a/n: chapter 3, my loves, and the plot thickens. In this chapter you'll see Jack use her ability about as much as she does in the entire story, so if you can handle it, you're home free. Like I said, she's not Super woman.
Everybody neat and pretty? Then on with the show!
Chapter 3: It's Freakin' Cold in Detroit
We are bits of stellar matter that got cold by accident, bits of a star gone wrong.
-Sir Arthur Eddington
Morgan had been right: it was freakin' cold in Detroit. Jackson pulled her dark turquoise wool coat around her more tightly and wished she were wearing a hat, like the locals. Maybe a scarf, too. The flight in the cushy FBI jet had been quick, and they had come straight from the airport to the crime scene. Now the BAU team, along with the Detroit P.D., stood near the entrance to the alley in a freezing wind and studied the surrounding area before stepping into the scene proper.
"We think he picked her up over there," Mike Jurczak, the lead detective, said, pointing to a well-lit corner just across the street. "It's a common corner for prostitutes, but no one works it regular. He brought her over here, into the alley." He started to walk that way, but Gideon stopped him.
"Not yet. Walk us through it first."
The detective looked a bit puzzled, but he nodded. "He pushed her against the wall, face first, and cut her throat from behind, left to right."
"A clean cut?" Hotch asked.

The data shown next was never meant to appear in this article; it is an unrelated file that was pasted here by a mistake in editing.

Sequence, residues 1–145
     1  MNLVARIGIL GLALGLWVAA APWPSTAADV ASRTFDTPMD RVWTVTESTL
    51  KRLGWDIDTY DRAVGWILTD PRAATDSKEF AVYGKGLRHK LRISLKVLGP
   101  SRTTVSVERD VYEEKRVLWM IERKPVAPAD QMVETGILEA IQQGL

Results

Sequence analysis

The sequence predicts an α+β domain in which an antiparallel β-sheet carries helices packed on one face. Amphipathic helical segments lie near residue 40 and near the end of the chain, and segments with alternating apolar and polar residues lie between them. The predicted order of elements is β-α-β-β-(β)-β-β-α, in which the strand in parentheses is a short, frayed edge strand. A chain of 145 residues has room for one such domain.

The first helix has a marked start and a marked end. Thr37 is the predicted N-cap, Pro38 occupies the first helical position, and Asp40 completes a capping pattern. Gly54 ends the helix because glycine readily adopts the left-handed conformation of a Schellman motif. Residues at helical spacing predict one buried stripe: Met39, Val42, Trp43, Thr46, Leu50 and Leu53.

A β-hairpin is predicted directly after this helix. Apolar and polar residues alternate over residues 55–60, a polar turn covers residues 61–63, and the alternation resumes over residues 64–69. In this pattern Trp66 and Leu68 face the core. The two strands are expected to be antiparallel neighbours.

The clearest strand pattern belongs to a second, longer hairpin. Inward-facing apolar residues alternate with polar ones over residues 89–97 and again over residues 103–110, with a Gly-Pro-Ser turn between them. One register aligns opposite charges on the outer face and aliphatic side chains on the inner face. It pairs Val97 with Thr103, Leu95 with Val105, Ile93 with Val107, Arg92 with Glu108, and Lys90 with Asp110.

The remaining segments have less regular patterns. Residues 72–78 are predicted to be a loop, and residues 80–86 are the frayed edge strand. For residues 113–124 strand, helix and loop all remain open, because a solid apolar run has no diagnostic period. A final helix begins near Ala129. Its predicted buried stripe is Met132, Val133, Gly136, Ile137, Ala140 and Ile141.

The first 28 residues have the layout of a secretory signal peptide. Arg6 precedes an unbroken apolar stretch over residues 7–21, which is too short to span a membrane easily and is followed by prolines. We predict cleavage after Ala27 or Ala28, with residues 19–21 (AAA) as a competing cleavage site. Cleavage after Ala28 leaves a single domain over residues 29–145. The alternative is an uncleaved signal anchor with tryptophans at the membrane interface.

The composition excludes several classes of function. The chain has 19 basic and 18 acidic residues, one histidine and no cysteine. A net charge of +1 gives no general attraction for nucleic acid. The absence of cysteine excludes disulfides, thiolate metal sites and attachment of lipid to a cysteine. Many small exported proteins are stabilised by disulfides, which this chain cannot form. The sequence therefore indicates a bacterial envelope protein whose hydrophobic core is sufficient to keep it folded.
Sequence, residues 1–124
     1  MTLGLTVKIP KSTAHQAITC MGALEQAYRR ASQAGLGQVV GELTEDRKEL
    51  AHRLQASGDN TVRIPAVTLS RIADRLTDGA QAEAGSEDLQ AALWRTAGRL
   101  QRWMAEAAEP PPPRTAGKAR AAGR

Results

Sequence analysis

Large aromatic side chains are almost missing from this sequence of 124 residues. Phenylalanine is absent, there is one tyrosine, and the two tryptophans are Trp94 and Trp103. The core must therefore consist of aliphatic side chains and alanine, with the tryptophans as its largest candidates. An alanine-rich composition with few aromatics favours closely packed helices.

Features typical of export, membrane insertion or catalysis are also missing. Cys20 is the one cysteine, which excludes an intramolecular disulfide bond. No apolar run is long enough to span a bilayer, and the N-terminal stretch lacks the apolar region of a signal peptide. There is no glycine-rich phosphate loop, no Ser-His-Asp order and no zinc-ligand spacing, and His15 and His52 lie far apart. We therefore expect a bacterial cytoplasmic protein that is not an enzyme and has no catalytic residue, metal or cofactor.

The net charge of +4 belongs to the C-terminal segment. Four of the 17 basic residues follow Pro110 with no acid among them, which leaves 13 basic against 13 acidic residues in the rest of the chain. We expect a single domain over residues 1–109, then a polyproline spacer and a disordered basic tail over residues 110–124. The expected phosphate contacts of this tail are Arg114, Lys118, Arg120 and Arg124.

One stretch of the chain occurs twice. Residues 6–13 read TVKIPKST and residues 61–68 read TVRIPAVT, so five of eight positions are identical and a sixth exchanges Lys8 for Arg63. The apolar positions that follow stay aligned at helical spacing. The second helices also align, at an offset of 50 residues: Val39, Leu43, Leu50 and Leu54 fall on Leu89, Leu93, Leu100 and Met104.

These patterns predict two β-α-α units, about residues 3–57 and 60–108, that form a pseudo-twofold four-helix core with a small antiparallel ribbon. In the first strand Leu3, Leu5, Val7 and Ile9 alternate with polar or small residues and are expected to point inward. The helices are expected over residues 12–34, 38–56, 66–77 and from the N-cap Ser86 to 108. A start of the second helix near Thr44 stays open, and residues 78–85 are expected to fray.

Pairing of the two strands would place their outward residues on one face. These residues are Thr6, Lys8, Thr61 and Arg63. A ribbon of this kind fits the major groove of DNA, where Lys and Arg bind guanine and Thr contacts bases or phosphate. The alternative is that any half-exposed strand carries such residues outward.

"Yep, no hesitation at all. Deep, too, almost decapitated her with that one slice. This guy knew what he was doing, and he wanted it done fast. It woulda been damn dark in there. This street is pretty deserted at night, but still he worked fast."
"He must have had a change of clothes with him," Jackson suggested.
"What makes you say that?" Gideon asked her.
She gave him an odd look. "He's going to approach a prostitute in a HAZMAT suit? He had to have been dressed normally or she wouldn't have gone with him, but he exited the alley immediately after killing and dismembering her. That's a bloody job. While I doubt he brought a full change, he probably had a new overcoat or at least a shirt; something he could quickly exchange for his bloody clothes."
The rest of the team nodded agreement. "He probably had a bag with him, something in which he could carry the parts he took away," Reid said. "He could easily have stashed the bloody clothes in there along with the packages."
Gideon smiled at the detective. "I think we're ready to see the alley now."
"Right this way. We estimate the time of death at around three night before last. We got the packages in the first mail run yesterday. That's when I contacted Agent Jareau." He pointed to a spot along the brick wall marked with arterial blood spray, then at a dark, dried puddle on the ground. "He cut her throat there, then she fell here."
Gideon nodded, studying the spray pattern. "Jack," he said quietly.
Looking a bit pale, she stepped forward to join him, standing almost exactly where Lacey Middleton had stood with her killer. She swallowed. "Hamlet?" she muttered, brow creasing as she frowned.
"I'm sorry?" Detective Jurczak asked.
"Er. How soon can we see the newspapers that came with the body parts, Detective?" she asked.
"As soon as we're done here, Dr. Jackson. I thought you wanted to see the scene first?"
"Yes." Her eyes, a green the shade of glass, scanned the dingy alley with care.
"He never stabbed her," Morgan observed. "He slit her throat, watched her bleed out, and then immediately began the dismemberment." He knelt by the black, dried pool, his well-made face scrunched in a scowl of concentration as he studied the blood patterns and began working out the sequence of events.
"Is that significant?" the detective wanted to know.